A camera obscura (Latin for "dark room") is an optical device that led to photography and the photographic camera. The device consists of a box or room with a hole in one side. Light from an external scene passes through the hole and strikes a surface inside, where it is reproduced, inverted (thus upside-down), but with color and perspective preserved. The image can be projected onto paper, and can then be traced to produce a highly accurate representation. The largest camera obscura in the world is on Constitution Hill in Aberystwyth, Wales.
Using mirrors, as in an 18th-century overhead version, it is possible to project a right-side-up image. Another more portable type is a box with an angled mirror projecting onto tracing paper placed on the glass top, the image being upright as viewed from the back.
As the pinhole is made smaller, the image gets sharper, but the projected image becomes dimmer. With too small a pinhole, however, the sharpness worsens, due to diffraction. In practice, most camerae obscurae use a lens rather than a pinhole (as in a pinhole camera) because it allows a larger aperture, giving a usable brightness while maintaining focus.
Role in the modern age
While the technical principles of the camera obscura have been known since antiquity, the broad use of the technical concept in producing images with a linear perspective in paintings, maps, theatre setups and architectural and later photographic images and movies started in the Western Renaissance and the scientific revolution. While e.g. Alhazen (Ibn al-Haytham) had already observed an optical effect and developed a state of the art theory of the refraction of light, he was less interested to produce images with it (compare Hans Belting 2005); the society he lived in was even hostile (compare Aniconism in Islam) towards personal images. Western artists and philosophers used the Arab findings in new frameworks of epistemic relevance. E.g. Leonardo da Vinci used the camera obscura as a model of the eye, René Descartes for eye and mind and John Locke started to use the camera obscura as a metaphor of human understanding per se. The modern use of the camera obscura as an epistemic machine had important side effects for science.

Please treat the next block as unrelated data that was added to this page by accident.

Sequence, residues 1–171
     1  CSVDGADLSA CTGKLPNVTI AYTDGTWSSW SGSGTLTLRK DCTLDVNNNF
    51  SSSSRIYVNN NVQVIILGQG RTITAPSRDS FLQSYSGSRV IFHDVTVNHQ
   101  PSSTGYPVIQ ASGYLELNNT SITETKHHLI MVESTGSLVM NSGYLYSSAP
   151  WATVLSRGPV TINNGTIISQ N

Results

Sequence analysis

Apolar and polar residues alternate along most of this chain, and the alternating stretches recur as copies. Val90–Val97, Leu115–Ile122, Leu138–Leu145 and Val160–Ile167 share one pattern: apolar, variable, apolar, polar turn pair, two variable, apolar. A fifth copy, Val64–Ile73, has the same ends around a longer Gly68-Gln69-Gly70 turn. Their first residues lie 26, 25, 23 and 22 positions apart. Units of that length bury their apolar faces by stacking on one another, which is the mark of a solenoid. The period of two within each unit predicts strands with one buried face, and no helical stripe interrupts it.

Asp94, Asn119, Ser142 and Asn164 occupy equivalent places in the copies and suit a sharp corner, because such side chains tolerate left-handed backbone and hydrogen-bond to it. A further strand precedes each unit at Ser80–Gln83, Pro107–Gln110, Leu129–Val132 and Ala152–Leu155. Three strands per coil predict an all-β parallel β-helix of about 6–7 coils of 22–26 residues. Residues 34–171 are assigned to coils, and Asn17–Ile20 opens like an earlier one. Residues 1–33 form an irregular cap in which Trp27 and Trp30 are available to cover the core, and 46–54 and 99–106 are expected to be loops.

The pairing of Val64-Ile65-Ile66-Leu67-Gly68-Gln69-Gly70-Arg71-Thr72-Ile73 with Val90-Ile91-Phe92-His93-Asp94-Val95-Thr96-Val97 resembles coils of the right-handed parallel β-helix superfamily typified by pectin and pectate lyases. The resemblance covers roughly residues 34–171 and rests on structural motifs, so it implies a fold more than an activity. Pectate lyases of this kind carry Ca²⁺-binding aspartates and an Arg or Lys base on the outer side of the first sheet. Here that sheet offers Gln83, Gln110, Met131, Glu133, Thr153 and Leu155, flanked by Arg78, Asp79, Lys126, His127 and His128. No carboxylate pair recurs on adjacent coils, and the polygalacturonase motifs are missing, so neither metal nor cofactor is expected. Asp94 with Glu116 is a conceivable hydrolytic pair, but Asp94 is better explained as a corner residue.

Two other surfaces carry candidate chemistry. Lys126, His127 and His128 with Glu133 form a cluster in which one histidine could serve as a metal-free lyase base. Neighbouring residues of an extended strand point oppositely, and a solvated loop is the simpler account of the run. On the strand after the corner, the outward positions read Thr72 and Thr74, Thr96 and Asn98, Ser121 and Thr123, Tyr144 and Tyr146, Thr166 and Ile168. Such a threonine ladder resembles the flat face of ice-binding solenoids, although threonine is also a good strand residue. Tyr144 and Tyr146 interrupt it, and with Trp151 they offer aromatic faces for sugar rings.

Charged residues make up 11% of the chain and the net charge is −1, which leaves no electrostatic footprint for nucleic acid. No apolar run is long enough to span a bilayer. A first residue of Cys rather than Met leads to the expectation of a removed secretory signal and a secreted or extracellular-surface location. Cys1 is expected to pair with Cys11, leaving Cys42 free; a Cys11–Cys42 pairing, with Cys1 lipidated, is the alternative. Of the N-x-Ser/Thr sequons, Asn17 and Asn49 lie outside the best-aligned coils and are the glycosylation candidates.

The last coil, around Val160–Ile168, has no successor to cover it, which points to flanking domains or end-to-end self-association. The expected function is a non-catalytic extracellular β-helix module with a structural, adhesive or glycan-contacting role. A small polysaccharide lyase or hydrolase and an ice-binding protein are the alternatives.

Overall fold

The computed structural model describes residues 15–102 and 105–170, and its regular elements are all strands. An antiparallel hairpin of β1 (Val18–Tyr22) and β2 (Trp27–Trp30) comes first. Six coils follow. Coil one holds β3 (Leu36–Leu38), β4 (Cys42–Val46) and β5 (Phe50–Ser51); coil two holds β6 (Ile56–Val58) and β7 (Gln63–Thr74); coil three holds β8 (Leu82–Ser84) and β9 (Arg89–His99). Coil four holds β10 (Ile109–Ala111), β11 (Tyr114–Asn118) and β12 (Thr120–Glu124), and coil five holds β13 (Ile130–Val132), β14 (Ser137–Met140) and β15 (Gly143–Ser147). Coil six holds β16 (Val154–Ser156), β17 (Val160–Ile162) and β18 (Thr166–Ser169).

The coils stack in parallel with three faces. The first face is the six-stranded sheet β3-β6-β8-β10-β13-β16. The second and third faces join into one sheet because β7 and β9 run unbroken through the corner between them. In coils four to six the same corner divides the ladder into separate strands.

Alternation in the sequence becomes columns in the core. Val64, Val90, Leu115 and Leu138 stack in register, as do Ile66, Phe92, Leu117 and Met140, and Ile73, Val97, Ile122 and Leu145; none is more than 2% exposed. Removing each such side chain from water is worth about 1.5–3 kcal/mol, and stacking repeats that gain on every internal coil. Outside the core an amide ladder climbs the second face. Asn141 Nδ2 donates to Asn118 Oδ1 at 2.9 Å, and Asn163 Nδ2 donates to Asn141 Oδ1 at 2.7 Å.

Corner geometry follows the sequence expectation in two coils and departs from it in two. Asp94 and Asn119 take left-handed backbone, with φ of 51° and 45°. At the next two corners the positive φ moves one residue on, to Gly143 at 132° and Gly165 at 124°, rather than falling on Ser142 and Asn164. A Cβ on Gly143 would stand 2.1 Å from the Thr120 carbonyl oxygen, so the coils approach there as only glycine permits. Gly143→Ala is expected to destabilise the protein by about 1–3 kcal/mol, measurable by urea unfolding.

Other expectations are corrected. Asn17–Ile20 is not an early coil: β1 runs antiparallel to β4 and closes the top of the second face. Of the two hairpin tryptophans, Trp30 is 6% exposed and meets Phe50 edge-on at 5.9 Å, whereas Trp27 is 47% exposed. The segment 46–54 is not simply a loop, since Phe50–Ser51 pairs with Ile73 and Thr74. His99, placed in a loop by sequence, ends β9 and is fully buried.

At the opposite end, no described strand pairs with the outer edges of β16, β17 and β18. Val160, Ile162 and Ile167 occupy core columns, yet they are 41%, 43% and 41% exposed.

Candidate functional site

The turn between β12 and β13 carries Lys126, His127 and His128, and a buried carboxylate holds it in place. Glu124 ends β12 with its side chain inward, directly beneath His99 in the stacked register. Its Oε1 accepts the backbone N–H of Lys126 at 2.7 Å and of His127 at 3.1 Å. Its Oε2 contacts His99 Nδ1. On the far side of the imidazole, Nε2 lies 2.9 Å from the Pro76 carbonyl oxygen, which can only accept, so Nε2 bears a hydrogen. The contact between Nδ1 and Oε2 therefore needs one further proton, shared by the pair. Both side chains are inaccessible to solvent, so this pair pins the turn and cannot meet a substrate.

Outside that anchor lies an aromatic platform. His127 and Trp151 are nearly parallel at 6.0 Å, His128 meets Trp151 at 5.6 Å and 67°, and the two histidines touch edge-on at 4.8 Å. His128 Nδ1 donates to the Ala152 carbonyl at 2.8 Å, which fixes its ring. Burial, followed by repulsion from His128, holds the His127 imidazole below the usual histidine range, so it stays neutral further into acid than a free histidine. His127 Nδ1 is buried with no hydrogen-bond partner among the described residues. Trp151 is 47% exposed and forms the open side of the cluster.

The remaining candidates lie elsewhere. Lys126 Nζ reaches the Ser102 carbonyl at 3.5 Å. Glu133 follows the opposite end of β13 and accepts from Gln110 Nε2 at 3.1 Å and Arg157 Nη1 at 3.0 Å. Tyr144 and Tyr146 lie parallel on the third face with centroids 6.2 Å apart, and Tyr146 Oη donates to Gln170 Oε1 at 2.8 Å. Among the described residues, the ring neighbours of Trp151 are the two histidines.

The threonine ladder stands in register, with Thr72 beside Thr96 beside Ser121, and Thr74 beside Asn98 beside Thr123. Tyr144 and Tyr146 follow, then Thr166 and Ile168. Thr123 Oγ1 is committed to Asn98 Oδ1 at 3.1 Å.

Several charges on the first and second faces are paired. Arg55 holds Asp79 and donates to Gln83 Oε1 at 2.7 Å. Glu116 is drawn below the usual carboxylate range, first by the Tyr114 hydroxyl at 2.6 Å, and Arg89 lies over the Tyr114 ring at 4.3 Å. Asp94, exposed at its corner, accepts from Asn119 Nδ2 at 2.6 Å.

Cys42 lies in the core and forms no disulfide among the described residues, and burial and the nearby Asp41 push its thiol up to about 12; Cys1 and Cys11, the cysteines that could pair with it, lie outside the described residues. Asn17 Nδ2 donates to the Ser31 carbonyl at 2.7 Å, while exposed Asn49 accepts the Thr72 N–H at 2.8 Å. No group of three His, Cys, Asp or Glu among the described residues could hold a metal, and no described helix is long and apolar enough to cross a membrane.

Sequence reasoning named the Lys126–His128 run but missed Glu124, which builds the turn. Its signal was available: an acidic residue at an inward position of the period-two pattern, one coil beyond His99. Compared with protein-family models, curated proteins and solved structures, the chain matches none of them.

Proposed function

The earliest extant written record of the camera obscura is to be found in the writings of Mozi (470 to 390 BC), a Chinese philosopher and the founder of Mohism. Mozi correctly asserted that the image in a camera obscura is flipped upside down because light travels in straight lines from its source. His disciples developed this into a minor theory of optics.[note 1]
The Greek philosopher Aristotle (384 to 322 BC) was familiar with the principle of the camera obscura. He viewed the crescent shape of a partially eclipsed sun projected on the ground through the holes in a sieve and through the gaps between the leaves of a plane tree. In the 4th century BC, Aristotle noted that "sunlight travelling through small openings between the leaves of a tree, the holes of a sieve, the openings wickerwork, and even interlaced fingers will create circular patches of light on the ground." Euclid's Optics (c. 300 BC) mentioned the camera obscura as a demonstration that light travels in straight lines. In the 4th century, Greek scholar Theon of Alexandria observed that "candlelight passing through a pinhole will create an illuminated spot on a screen that is directly in line with the aperture and the center of the candle."